Home » Not so Russian anymore: Italy closes ranks with Western allies over Ukraine
News Politics

Not so Russian anymore: Italy closes ranks with Western allies over Ukraine

Italy throws its weight behind Ukraine-related Russian sanctions
Both PM Draghi and FM Di Maio condemned the Kremlin’s decision to escalate the Ukrainian crisis. Despite its perceived reluctance on the issue, Rome is ready to join its allies in adopting countermeasures – and its Russophile sympathies are diminishing in strength. Here’s a record-setting rundown on Italy’s line

“First of all, I want to express my strongest condemnation for the Russian government’s decision to recognise the two separatist territories in the Donbass. This is an unacceptable violation of Ukraine’s democratic sovereignty and territorial integrity.”

On the day after Vladimir Putin’s decision to recognise the independence of two Moscow-backed separatist regions, a step that dramatically escalates the geopolitical confrontation between the Kremlin and the West, Italian Prime Minister Mario Draghi used his first public appearance to clarify Rome’s stance on the issue.

Setting the record straight

Italy has been receiving some backlash from some of its allies, who believe that it had gone soft on Russia. As remarked by the Wall Street Journal’s editorial board, Mr Draghi’s indication that western sanctions should leave out energy – being as it is that Italy depends on Russian gas – signalled the country’s wavering resolve and potentially weakened the impact of western countermeasures.

The former ECB chief did toe an extremely pragmatic line, to the point of appearing to play into Russia’s hands. But the energy remarks overshadowed an unchanged, underlying commitment. Militarily, Italy continues to support, and even lead, NATO initiatives. And politically, Rome has never shifted from its two-track approach: keen to pursue a diplomatic solution, but ready to react – alongside its allies – to a Russian escalation.

The Italian PM made a point of repeating as much on Tuesday morning. “I am in constant contact with our allies to find a peaceful solution to the crisis and to avoid a war in the heart of Europe,” he said. “The path of dialogue remains essential, but within the European Union we are already defining measures and sanctions against Russia.”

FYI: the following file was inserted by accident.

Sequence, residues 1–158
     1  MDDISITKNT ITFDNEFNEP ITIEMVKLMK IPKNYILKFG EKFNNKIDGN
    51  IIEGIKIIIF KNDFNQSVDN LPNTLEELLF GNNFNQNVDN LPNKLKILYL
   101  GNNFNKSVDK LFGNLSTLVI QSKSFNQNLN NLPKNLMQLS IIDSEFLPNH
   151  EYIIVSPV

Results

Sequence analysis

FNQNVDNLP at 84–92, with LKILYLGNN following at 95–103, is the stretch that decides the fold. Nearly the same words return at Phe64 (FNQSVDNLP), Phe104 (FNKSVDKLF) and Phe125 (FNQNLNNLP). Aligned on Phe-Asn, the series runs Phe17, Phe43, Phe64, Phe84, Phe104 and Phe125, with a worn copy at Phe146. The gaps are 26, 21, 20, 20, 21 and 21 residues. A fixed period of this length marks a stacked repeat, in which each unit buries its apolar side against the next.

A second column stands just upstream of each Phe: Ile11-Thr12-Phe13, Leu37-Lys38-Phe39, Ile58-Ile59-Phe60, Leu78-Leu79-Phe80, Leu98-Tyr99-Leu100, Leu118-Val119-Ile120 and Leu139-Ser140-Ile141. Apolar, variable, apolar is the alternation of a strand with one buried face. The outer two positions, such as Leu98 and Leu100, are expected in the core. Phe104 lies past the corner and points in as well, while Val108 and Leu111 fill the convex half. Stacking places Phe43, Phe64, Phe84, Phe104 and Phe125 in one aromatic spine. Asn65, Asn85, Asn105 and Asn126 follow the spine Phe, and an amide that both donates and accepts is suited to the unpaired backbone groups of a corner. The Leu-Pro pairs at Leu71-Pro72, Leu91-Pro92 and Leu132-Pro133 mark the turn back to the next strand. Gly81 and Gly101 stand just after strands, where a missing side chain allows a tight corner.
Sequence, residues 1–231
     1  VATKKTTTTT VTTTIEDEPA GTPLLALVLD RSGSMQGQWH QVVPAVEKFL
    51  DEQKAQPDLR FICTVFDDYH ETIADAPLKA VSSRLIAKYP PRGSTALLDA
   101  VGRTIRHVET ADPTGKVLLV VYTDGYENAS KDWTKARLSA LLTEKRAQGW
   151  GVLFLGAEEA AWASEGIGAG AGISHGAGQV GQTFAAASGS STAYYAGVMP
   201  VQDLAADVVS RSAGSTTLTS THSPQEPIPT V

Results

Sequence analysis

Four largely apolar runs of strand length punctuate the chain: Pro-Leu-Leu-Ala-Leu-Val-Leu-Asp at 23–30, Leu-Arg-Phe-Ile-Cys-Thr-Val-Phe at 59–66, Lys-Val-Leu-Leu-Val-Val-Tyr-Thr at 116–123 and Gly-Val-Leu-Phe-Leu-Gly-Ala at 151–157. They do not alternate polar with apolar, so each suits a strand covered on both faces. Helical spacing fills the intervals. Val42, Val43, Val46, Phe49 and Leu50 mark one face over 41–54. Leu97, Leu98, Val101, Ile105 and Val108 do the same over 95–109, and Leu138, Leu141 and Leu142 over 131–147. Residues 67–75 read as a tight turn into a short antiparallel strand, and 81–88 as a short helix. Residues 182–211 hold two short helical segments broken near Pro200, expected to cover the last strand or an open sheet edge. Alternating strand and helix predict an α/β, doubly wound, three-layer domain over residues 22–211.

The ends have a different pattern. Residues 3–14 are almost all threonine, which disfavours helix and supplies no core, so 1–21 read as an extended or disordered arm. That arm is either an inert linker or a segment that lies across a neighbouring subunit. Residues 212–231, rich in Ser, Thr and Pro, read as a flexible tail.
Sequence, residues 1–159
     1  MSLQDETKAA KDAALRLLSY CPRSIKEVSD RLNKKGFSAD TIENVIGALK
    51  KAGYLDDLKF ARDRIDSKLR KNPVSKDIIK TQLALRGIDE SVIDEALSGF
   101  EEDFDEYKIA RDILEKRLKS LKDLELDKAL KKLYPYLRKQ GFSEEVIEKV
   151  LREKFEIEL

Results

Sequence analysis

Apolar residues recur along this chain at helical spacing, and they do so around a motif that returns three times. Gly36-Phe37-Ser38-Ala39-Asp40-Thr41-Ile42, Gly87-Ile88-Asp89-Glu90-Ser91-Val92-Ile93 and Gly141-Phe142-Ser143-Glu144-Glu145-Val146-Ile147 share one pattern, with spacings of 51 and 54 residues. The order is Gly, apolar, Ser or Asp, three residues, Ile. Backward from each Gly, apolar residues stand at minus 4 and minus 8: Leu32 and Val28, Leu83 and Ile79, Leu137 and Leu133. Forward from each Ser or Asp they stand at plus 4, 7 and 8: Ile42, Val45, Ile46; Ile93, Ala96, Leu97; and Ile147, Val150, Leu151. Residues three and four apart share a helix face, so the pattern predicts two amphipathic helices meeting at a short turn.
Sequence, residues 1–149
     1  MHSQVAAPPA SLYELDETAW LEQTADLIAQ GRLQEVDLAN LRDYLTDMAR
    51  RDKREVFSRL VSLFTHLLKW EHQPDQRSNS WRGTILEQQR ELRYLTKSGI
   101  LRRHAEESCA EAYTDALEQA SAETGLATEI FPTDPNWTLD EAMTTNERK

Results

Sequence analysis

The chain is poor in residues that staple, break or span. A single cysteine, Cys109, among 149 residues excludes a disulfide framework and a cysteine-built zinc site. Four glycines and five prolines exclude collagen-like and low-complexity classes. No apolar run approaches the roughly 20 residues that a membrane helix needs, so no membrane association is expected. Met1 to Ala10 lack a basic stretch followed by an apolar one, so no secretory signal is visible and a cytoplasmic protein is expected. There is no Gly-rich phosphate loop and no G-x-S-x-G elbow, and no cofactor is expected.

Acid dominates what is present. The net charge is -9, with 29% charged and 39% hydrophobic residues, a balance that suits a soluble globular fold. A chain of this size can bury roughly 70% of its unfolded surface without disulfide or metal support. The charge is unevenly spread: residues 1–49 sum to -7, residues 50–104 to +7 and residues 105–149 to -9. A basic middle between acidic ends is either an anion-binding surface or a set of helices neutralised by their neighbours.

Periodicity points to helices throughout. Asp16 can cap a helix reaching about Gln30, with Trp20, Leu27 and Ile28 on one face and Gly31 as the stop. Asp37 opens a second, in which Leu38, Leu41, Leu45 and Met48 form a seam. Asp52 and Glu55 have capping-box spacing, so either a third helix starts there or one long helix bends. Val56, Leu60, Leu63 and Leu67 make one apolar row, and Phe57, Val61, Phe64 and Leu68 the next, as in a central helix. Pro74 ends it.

Time to talk sanctions

Mr Draghi’s remarks followed those of Foreign Minister Luigi Di Maio, who condemned the Kremlin’s decision to recognise “the so-called separatist republics of Lughansk and Donetsk” as a “violation of the Minsk agreement” – under which Russia had acknowledged they belonged to Ukraine – and “a serious obstacle for a diplomatic solution of the crisis.”

Notably, Mr Di Maio did not eschew the elephant in the room. “After this evening’s decision, we must discuss the sanctions to be applied to Russia. No hesitation, the European and Atlantic partners must act in a united manner,” he told the press on Monday night.

US President Joe Biden approved a first round of (limited) sanctions on Monday evening, shortly after Mr Putin’s decision to de facto invade Ukraine. A number of other States, including Australia, Canada, Japan, South Korea and the United Kingdom, signalled their intentions to follow suit.

Meanwhile, the EU announced it will table its first round of sanctions on Tuesday afternoon. German Chancellor Olaf Scholz – who’s also been accused of backpedalling on the West’s response to the Kremlin’s aggression – offered a preview by halting the certification of the controversial Russian-German gas pipeline Nord Stream II.

The Italians’ fraying Russophilia

In late January, a poorly-timed industrial conference between Mr Putin himself and several Italian CEOs triggered the Italian government’s immediate distancing, but did not fail to make global headlines. The episode resurfaced – and was read in light of – the historical, cultural and economical entente between Italy and Russia.

This closeness had also impacted politics; namely, after Russia’s invasion of Crimea in 2014, Rome advocated for lifting the sanctions against Moscow. But PM Draghi and his government have adopted a wholly Europeanist and Atlanticist line, in spite of the strong Euroscepticism and anti-Atlanticism that pervaded the last elections in 2018.

The very existence of Mr Draghi’s government testifies to the dramatic changes undergone by the Italian political establishment because of the Covid pandemic and the EU’s Recovery Plan. Italian parties have come a long way under these history-shaping forces, and this includes even the most extreme among them.

The clearest example is the League’s arc. In 2017 the centre-right, nationalist party signed a cooperation agreement with Putin’s United Russia party. It also led efforts to improve relations with Russia, both in Italy and the EU.

However, its leader Matteo Salvini (who entered Mr Draghi’s government) has decidedly toned down his pro-Russia rhetoric. And within the European Parliament, the League has performed a fully-fledged U-turn, consistently supporting the EU’s efforts to counter Russian aggression since Russian opposition leader Alexei Navalny was arrested.

The industrials’ meeting in January does reveal the continued existence of a transversal pro-Russia front, if only on the economic side of things. But its ability to influence Italy’s political direction has waned, as the government’s reaction suggests.

Subscribe to our newsletter